Recovery-Oriented Systems of Care (ROSC): understanding individual and system-level barriers and facilitators to implementation of ROSC in an addictions treatment community



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Kansas State University


Addiction to mood-altering substances i.e., drugs and alcohol is a public health concern impacting society in many contexts (e.g., employment, financial costs, family welfare, healthcare, and criminal activity). As a result of the substantial personal and societal costs associated with substance abuse, significant federal dollars have been spent on addiction recovery services in an attempt to ameliorate the negative impacts of these disorders. Like many chronic diseases, relapse (40-60%; National Institute on Drug Abuse, 2012) and dropout (23-50%) rates for clients in drug and alcohol outpatient treatment tend to be high (McHugh et al., 2013; Santonja-Gomez et al., 2010; Evans, Li, and Hser 2009; Stark, 1992). Over time, it has become clear that a single course of treatment is simply not enough to meet the needs of a person in recovery from alcohol and/or other drug abuse. The field of addiction treatment and recovery has been dominated by an acute-care model of treatment. A new model, recovery-oriented systems of care (ROSC), defined as “networks of organizations, agencies, and community members that coordinate a wide spectrum of services to prevent, intervene in, and treat substance use problems and disorders” (Sheedy & Whitter, 2013, p. 227), has been endorsed by the Substance Abuse and Mental Health Services Administration (SAMHSA) and the Center for Substance Abuse Treatment (CSAT). As communities begin to implement ROSC it is imperative to understand the barriers to transitioning out of the traditional, acute-care model. Findings from in-depth qualitative interviews revealed that both treatment and probation professionals described more alignment with the ROSC model than the acute-care model. For treatment professionals, this alignment was stronger at an individual level and for probation professionals it was stronger at the system level. For both professional groups, the system-level barriers to moving toward a ROSC model were much greater than any individual-level barriers. Facilitators were found evenly split for the most part between individual and system level codes. For communities making movement toward the ROSC model, the systems of treatment and probation have great potential at the individual level for ROSC alignment and have available facilitators for overcoming system-level barriers in place. Although the acute-care model served a purpose at one time, it is now time for the ROSC model to be implemented as a comprehensive response to addiction and needs in recovery.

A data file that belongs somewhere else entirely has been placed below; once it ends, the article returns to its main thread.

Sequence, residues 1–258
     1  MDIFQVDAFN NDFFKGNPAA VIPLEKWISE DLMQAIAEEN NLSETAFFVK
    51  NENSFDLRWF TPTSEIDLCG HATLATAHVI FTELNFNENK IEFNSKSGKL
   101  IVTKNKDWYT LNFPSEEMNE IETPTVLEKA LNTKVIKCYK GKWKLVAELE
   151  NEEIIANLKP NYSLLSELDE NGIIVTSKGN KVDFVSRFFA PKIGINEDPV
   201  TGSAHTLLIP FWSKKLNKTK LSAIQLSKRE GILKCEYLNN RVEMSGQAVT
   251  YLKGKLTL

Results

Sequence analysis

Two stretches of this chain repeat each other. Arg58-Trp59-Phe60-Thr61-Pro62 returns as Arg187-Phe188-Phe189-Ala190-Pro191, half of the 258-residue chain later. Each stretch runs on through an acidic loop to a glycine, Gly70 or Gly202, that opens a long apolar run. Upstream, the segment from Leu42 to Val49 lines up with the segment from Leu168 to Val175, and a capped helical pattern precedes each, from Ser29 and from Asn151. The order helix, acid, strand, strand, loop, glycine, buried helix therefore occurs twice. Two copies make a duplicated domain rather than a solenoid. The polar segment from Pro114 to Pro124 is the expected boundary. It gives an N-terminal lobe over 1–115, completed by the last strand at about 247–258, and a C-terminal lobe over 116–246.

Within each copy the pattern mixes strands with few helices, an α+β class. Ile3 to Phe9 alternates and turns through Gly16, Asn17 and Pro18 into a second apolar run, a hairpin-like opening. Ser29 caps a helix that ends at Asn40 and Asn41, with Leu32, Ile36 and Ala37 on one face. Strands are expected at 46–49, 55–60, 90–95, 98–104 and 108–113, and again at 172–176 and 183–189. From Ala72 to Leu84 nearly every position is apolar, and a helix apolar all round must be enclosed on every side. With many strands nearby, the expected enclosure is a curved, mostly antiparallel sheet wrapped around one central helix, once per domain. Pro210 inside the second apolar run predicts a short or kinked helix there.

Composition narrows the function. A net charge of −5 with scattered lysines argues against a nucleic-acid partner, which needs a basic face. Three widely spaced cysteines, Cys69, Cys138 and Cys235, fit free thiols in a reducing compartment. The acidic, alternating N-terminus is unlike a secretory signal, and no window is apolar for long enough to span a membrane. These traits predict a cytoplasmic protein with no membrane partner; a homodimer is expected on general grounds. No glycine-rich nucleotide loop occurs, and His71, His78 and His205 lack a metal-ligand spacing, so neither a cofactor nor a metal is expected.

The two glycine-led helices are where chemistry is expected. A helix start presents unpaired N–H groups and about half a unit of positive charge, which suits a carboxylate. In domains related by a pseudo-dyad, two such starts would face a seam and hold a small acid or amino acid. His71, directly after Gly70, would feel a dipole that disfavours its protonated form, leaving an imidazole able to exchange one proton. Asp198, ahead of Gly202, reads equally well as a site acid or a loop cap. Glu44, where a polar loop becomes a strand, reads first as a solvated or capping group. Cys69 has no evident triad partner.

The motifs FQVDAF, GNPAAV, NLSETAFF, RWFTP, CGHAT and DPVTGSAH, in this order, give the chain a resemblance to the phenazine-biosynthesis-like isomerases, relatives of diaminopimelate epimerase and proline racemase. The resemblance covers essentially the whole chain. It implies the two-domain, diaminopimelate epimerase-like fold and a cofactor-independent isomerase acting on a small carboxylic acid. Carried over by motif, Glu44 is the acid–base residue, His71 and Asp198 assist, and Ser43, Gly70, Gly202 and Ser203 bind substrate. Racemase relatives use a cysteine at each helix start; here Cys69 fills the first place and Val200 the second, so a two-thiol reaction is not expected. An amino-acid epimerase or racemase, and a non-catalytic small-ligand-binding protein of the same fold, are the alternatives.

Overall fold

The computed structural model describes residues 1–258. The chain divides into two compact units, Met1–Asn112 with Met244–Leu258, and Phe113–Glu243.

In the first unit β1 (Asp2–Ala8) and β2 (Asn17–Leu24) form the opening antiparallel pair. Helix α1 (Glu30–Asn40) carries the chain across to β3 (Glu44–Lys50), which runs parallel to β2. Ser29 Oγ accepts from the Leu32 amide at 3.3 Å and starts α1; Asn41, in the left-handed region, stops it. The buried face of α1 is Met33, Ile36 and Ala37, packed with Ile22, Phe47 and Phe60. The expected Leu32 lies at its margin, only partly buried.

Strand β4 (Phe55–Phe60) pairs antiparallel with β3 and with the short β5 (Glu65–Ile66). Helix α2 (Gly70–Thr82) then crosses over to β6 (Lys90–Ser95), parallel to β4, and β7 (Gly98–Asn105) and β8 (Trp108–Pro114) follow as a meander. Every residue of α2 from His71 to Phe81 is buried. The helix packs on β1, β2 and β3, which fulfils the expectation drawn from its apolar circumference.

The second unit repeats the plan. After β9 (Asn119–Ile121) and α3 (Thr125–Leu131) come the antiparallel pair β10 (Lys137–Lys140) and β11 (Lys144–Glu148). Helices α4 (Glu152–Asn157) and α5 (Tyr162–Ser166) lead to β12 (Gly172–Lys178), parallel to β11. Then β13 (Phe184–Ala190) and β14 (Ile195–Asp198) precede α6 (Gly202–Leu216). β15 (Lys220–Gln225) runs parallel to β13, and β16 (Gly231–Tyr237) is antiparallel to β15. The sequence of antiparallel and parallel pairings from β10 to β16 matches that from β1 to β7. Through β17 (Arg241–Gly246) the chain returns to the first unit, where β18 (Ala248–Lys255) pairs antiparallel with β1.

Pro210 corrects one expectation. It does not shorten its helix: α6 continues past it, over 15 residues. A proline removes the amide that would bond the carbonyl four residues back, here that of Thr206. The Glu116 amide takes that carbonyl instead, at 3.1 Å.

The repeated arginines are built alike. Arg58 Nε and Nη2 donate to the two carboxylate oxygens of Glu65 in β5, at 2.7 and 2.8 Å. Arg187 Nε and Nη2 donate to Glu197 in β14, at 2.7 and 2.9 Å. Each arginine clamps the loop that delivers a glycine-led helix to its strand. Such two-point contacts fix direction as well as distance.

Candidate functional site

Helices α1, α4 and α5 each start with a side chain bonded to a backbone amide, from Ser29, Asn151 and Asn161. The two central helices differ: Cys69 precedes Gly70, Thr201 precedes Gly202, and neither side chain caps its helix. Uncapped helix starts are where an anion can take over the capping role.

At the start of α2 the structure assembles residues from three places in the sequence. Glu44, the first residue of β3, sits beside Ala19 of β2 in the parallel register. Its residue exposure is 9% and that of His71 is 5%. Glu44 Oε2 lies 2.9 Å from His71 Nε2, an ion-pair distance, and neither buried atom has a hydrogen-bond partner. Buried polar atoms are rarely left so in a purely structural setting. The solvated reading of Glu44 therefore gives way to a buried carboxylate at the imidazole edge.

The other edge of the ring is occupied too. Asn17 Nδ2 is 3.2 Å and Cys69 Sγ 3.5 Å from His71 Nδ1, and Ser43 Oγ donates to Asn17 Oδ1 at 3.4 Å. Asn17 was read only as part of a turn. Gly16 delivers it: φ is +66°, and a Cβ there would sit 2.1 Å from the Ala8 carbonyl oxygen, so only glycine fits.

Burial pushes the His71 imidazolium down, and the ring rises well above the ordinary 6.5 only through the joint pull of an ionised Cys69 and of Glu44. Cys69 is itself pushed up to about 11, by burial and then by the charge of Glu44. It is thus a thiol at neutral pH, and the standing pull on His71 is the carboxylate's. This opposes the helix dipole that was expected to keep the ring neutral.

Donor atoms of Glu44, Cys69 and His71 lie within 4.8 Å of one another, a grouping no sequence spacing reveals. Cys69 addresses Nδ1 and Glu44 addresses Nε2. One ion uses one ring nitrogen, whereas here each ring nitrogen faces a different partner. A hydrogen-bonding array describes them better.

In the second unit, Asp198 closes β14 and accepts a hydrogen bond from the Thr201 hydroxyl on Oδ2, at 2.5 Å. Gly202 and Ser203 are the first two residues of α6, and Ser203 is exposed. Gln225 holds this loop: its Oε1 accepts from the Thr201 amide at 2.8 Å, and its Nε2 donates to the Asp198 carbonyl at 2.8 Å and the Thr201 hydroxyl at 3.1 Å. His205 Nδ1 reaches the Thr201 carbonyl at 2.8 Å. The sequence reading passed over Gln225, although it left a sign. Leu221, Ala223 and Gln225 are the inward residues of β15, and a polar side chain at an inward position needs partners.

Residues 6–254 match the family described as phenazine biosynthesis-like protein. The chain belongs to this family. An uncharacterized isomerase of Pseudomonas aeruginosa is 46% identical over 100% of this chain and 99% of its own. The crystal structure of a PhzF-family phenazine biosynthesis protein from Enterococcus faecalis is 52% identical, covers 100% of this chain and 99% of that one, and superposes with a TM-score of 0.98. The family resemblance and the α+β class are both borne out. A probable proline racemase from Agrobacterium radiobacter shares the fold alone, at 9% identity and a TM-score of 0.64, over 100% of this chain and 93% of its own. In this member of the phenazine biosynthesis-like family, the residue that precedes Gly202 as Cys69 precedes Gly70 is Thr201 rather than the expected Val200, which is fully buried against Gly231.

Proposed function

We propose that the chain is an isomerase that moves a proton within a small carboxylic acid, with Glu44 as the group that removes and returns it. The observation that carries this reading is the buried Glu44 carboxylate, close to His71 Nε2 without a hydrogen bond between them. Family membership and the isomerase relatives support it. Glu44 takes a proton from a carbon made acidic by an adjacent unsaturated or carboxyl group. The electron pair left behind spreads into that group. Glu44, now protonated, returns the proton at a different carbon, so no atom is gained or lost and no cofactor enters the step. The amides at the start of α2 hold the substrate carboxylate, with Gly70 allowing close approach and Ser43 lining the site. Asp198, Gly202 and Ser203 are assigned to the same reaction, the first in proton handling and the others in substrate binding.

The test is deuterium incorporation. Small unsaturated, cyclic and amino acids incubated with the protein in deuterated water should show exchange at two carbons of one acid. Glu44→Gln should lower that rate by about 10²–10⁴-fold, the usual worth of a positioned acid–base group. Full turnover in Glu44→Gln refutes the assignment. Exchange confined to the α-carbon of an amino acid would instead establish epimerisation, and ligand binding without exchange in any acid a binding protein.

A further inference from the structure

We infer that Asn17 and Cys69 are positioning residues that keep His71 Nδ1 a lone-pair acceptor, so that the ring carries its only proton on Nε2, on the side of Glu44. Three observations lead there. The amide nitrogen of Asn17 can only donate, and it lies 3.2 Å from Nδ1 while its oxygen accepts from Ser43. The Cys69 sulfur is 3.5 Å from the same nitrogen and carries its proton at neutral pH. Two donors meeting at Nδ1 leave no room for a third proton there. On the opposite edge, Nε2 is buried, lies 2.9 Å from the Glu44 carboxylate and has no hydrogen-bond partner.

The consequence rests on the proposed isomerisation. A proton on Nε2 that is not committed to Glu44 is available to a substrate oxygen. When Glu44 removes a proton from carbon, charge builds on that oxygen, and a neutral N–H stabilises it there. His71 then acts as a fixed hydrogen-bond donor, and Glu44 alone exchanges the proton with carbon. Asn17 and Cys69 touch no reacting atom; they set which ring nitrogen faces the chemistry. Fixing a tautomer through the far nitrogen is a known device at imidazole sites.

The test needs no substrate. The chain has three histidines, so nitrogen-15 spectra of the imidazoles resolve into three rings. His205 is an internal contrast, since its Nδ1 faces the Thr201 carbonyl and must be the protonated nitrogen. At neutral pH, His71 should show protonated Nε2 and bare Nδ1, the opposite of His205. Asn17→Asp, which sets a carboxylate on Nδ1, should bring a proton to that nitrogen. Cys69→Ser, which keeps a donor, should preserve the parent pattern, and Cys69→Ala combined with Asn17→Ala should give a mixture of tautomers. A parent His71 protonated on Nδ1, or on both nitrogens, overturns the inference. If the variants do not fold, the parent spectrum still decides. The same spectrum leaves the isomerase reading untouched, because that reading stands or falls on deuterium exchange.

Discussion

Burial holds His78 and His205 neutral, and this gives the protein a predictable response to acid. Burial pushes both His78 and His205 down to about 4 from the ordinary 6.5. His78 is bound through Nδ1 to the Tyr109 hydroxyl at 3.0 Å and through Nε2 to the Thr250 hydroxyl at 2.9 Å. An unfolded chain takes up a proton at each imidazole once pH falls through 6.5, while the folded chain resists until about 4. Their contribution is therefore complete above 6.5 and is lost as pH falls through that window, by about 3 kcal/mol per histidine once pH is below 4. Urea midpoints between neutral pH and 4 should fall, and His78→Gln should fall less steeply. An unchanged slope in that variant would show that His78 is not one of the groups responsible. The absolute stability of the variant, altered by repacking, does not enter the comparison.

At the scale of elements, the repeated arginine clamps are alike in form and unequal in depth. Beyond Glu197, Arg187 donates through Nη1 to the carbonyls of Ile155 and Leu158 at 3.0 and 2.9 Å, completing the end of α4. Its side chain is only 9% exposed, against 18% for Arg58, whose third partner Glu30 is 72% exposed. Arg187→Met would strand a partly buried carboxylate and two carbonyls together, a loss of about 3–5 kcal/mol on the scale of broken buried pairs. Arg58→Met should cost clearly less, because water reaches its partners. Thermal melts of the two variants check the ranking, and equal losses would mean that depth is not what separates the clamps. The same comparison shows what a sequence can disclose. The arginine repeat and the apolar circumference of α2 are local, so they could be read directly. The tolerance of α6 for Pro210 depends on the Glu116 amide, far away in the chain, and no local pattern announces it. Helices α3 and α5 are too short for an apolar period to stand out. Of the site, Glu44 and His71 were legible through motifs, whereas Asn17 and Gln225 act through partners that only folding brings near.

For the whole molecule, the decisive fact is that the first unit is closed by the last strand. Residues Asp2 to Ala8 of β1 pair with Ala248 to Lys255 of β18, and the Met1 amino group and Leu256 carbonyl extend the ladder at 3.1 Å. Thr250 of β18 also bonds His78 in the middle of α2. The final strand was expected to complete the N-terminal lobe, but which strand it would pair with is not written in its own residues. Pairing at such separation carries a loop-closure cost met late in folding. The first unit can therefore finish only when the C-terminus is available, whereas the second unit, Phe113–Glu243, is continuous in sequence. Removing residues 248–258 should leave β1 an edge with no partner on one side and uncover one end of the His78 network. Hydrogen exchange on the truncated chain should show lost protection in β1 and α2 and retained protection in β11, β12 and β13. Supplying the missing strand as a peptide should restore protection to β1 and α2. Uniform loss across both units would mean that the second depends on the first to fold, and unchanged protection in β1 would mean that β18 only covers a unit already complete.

Recovery-oriented systems of care, Substance use treatment, Probation, Addiction, Acute-care, Recovery

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Doctor of Philosophy


School of Family Studies and Human Services

Major Professor

Jared R. Anderson